The consumer price index, released by the Labor Department on Tuesday, showed inflation rose 8.5% over the last year — the highest year-over-year jump since 1981. The biggest drivers of the surge were the skyrocketing costs of energy and food, which have been exacerbated by the Russian invasion of Ukraine.

Views on inflation, as with most issues, vary drastically by party; just 5% of Republicans give Biden favorable marks, compared with 54% of Democrats and 27% of voters with no party preference.

But partisanship does not appear to be the sole factor driving some voters’ views. The state’s youngest voters, who generally tend to be more liberal, give Biden the lowest marks on inflation, while older Californians are more positive. Just 21% of voters ages 18-29 approve of Biden’s handling of the matter, compared with 49% approval from voters ages 65 and older.

The Times is tracking the latest national opinion polls on the favorability of Vice President Kamala Harris.

Regionally, voters in California’s major urban areas, such as Los Angeles, San Francisco and San Diego, hold rosier views than those in more rural parts of the state, where assessments are more negative than positive. Notably, Biden’s popularity is evenly divided in Orange County, home to several battleground congressional districts that will have fiercely competitive races in the upcoming midterm elections.

Still, DiCamillo noted, Biden’s standing in Orange County, where his approval rating is 47% compared with 48% disapproval, is much stronger than in regions outside California with pivotal House races. Nationally, Biden’s popularity hovers around 42%, according to the website FiveThirtyEight’s average of polls.

“He’s probably not as serious a drag as he is in other parts of the country,” DiCamillo said.

Though Biden has seen minor improvements to his standing among California voters, Vice President Harris has not seen a similar uptick. Respondents continue to see her more negatively than positively, with 35% of voters approving her performance and 45% disapproving. Two months ago, her rating was 38% approval to 46% disapproval. The number of voters with no opinion of her performance has increased to 21% in April from 15% in February.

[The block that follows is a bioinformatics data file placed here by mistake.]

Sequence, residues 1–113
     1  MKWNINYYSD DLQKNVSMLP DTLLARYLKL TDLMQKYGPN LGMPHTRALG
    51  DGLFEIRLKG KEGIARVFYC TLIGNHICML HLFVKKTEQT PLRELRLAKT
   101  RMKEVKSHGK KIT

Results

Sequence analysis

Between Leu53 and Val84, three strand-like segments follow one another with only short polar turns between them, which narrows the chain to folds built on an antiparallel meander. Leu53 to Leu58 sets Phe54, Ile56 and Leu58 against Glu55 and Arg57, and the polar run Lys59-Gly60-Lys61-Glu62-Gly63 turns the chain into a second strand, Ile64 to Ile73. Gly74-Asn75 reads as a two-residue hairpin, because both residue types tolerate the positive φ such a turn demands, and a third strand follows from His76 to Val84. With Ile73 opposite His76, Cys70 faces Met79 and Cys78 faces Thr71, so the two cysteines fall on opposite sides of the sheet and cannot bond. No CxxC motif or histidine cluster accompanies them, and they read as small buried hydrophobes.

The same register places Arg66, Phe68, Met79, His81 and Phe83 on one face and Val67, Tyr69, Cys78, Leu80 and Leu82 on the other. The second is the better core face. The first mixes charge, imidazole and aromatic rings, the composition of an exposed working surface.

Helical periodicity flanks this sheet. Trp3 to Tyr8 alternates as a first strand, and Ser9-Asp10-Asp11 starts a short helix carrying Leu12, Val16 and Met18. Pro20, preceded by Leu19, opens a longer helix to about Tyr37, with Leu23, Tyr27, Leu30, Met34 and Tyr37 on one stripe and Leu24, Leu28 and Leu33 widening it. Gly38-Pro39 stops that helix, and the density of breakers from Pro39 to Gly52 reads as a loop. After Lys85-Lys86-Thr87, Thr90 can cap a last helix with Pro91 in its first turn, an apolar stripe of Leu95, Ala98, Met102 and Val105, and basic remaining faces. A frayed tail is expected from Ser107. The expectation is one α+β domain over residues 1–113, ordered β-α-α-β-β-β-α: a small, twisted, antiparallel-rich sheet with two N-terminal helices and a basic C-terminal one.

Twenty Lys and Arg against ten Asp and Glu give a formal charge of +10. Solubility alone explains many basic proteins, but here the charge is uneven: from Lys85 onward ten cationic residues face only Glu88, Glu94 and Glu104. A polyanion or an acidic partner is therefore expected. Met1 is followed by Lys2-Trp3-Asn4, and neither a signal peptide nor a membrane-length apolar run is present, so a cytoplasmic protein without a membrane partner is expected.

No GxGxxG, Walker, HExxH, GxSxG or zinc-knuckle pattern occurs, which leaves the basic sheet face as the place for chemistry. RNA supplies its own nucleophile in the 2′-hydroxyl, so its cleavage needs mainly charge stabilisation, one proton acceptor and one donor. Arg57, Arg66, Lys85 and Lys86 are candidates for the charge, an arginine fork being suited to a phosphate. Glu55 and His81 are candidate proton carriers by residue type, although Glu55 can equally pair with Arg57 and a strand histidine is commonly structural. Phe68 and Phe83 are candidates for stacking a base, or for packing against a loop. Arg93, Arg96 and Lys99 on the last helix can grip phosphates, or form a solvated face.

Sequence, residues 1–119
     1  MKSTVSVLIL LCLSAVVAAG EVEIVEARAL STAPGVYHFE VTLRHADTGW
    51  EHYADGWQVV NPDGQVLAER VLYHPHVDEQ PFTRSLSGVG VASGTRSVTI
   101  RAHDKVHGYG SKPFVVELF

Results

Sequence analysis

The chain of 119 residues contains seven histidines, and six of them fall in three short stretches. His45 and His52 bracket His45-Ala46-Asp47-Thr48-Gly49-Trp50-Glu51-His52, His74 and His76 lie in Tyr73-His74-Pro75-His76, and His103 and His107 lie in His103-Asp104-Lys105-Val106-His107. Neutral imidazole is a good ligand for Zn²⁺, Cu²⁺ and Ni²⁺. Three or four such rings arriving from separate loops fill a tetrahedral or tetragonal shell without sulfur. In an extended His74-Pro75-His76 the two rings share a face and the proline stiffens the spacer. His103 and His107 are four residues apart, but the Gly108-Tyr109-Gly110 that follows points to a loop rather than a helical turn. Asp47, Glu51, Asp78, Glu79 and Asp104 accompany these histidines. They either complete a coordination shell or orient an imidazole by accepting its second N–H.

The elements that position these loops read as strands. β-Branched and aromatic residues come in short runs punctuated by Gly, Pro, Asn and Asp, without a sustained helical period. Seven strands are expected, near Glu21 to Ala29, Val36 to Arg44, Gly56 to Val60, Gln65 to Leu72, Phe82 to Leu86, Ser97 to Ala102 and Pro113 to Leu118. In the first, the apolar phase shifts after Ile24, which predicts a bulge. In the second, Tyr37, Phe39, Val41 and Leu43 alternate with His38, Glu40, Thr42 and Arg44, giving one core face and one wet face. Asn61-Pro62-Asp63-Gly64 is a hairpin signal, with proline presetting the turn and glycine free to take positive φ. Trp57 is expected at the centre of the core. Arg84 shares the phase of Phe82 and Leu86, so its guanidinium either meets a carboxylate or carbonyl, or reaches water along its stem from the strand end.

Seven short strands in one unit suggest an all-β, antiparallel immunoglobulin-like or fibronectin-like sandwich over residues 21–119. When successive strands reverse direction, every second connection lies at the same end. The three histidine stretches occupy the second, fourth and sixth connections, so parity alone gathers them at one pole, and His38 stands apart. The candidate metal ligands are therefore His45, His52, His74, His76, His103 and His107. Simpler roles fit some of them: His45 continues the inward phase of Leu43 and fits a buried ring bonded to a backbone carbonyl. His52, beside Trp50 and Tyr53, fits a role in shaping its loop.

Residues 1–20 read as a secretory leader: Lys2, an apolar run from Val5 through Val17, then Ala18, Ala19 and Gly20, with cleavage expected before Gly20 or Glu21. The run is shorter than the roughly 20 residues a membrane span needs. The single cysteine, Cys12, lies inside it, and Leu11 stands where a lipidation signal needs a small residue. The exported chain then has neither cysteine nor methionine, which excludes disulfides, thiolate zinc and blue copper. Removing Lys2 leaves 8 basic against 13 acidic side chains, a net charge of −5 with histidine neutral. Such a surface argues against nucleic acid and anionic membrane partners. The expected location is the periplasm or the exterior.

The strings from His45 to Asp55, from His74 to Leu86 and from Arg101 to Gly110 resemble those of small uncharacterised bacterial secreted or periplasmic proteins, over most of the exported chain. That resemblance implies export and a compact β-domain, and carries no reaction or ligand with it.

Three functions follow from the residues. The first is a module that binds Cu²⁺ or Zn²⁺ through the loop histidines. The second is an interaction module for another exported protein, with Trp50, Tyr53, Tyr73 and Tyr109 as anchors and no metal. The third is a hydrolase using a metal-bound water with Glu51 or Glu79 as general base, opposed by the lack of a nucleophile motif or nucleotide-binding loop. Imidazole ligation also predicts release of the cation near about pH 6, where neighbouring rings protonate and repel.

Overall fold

The increase of respondents on the fence indicates that “a number of voters are in a reevaluation mode,” DiCamillo said. “It’s not as if they’ve all gone to disapproval. They’ve gone to having no opinion. That’s not as bad but certainly not good for the vice president in her home state.”

Harris lags in popularity even among the voters who know her best; just 38% of residents of the Bay Area, where Harris is from and spent much of her public service career, give her favorable marks. By contrast, Pelosi, the longtime San Francisco representative who leads the Democrats in the House, has a 52% approval rating in the region.

Overall, both Pelosi and McCarthy, the Bakersfield Republican aiming to win his party the majority in the fall, are seen more negatively than positively by California voters. Perhaps unsurprisingly in a solidly blue state, Pelosi’s ratings — 42% approval and 48% disapproval — outpace those of McCarthy, who is seen favorably by 28% versus 49% unfavorably.

The survey shows McCarthy remains relatively unknown in the state compared with his Democratic counterpart; 23% have no opinion of his job performance in contrast to 10% for Pelosi. That may change if McCarthy becomes House speaker next year.

“It’ll be interesting to track how Californians view McCarthy as he gets elevated into a more powerful position,” DiCamillo said. “That’s going to be something to watch.”

The Berkeley IGS poll surveyed 8,676 California registered voters March 29-April 5. The poll was administered online in English and Spanish. The estimated sampling error is plus or minus 2 percentage points.